"The Gaspar story is entirely bogus. There isn't anything of merit to it. It was a railroad play."
In a carefully written 1980 article in Tampa Bay History, André-Marcel d'Ans traced the pirate myth back to a pamphlet to promote the railroad near Charlotte Harbor. The pamphlet was likely based on stories told by an area fishing guide to entertain his customers, and conflated with other pirates that may or may not have been active in the Gulf waters. The fake story from the pamphlet made it into a real history book, then another book by a Tampa Morning Tribune editor, which is how the Gaspar story was perpetuated as true.
"If any Gaspar did exist, he was not a pirate. He worked in a mission out there," Blanchard said. "Gasparilla Island may or may not be named for that friar."
When the Boca Grande Historical Society reposted the article debunking Gaspar's existence online a few years ago, Blanchard added an editor's note: This is particularly sad for the embattled Native American shell mounds of Charlotte Harbor, which have sustained almost unimaginable damage at the hands of looters in search of the non-pirate's non-treasure.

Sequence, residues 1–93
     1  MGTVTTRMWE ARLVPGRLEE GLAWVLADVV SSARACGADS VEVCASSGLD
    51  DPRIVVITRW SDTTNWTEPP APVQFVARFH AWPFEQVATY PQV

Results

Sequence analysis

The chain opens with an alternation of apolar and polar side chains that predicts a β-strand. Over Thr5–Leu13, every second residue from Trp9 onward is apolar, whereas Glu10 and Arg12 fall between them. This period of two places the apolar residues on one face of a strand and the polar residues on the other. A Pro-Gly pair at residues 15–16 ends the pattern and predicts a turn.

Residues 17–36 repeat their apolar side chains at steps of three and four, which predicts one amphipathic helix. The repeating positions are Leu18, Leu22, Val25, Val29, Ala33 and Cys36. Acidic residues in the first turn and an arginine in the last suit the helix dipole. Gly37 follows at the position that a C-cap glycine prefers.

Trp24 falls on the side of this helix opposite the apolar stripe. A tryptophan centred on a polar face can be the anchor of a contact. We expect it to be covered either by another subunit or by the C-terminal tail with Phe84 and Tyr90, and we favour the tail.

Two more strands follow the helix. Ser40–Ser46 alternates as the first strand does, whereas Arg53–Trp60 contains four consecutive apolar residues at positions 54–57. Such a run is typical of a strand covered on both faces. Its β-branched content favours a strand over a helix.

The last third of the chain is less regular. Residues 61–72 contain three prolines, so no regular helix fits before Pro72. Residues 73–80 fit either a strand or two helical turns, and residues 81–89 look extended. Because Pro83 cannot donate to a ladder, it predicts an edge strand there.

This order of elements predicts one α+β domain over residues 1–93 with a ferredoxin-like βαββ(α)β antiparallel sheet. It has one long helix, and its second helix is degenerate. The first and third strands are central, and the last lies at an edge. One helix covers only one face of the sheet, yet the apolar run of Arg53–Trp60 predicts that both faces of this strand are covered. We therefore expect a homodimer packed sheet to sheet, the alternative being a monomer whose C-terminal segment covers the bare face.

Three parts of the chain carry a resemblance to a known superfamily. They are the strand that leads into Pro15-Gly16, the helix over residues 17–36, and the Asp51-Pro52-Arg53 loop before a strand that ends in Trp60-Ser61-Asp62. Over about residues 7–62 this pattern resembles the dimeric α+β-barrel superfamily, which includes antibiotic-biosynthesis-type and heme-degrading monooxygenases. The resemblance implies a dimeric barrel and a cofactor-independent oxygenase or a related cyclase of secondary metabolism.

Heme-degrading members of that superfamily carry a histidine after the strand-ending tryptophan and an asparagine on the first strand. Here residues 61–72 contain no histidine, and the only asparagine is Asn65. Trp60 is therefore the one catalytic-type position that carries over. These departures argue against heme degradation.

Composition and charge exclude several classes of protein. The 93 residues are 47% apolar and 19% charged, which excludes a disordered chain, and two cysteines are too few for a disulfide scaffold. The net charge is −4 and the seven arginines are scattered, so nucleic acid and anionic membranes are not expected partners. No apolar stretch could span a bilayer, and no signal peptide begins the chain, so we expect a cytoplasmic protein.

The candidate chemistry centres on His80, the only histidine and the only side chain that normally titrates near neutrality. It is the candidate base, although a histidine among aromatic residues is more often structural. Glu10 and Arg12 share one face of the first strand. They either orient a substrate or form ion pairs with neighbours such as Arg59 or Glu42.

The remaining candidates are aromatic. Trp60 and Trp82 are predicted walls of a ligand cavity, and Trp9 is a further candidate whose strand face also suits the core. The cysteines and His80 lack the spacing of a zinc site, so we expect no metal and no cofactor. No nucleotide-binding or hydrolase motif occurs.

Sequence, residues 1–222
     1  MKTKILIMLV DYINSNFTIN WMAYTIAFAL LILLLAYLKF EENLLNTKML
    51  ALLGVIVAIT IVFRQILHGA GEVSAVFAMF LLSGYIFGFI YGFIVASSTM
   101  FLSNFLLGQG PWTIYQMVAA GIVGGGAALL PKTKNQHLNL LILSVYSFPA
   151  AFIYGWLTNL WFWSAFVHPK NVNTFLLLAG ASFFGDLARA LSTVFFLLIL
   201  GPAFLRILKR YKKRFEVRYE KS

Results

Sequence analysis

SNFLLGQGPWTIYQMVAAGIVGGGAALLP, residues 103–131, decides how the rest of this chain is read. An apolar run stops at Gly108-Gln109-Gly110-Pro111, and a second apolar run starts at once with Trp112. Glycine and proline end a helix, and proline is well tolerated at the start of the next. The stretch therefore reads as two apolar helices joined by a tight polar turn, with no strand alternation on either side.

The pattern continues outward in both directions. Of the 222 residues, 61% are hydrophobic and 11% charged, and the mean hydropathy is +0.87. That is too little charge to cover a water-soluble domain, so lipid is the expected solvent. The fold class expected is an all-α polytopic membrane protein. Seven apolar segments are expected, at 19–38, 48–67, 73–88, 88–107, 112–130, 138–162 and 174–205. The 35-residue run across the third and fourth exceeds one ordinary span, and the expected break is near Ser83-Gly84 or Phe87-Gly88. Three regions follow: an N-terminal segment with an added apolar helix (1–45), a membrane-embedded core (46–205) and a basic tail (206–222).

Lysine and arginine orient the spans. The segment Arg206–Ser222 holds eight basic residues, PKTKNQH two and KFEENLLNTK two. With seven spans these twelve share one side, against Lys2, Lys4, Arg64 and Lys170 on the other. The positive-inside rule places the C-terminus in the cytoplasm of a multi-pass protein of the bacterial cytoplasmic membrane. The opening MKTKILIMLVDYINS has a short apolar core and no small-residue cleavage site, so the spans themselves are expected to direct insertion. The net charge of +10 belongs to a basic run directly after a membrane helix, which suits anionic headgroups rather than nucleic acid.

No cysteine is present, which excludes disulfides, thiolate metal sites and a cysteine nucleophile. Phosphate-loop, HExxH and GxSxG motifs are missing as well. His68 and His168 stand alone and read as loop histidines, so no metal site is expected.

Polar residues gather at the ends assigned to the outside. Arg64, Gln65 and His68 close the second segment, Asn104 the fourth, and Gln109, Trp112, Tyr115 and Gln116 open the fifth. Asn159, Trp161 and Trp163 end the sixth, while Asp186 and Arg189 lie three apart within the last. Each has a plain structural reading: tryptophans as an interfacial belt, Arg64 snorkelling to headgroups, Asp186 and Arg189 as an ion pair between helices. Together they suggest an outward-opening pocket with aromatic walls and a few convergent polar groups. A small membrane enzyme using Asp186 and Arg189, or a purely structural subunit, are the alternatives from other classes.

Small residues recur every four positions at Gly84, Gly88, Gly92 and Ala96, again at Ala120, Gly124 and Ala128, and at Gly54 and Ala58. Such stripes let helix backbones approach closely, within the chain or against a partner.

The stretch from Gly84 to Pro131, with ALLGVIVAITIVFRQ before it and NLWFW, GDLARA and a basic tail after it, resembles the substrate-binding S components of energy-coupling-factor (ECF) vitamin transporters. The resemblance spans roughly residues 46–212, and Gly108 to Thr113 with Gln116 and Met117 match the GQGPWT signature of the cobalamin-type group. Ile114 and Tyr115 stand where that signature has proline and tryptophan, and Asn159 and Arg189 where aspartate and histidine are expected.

Blanchard is 75 now, and still serves as an archaeological consultant. In the 1980s, he said, "one guy brought in a bulldozer, and before I took any notice of him, he put a big trench in one of the more complicated mounds."
One thing is for sure. This whole amateur treasure hunting thing really ticks Blanchard off.
"If you're on shell, you're in a native site, and if you're digging, you could be up to your shovel in grave robbing. People have been put in prison for potting in those mounds," he said. "This stupid legend just keeps cropping back up every five years or so."
The Real Treasure Hunters were exploring east of the Interstate 75 bridge, where Charlotte Harbor gives way to the Peace River. It's not the nearby coastal shell mounds. There are a few historic settlement sites there, too, though there is much less documented research, said Jeff Moates, regional director of the Florida Public Archaeology Network.
He is more measured about treasure hunting.
"They could be impacting some historic landing sites or something like that," he said. "But the whole shoreline isn't a historic landing site. It just depends where they are."
In the past, he said, the state granted treasure hunters legitimate exploration and salvage contracts, but they've since been abandoned.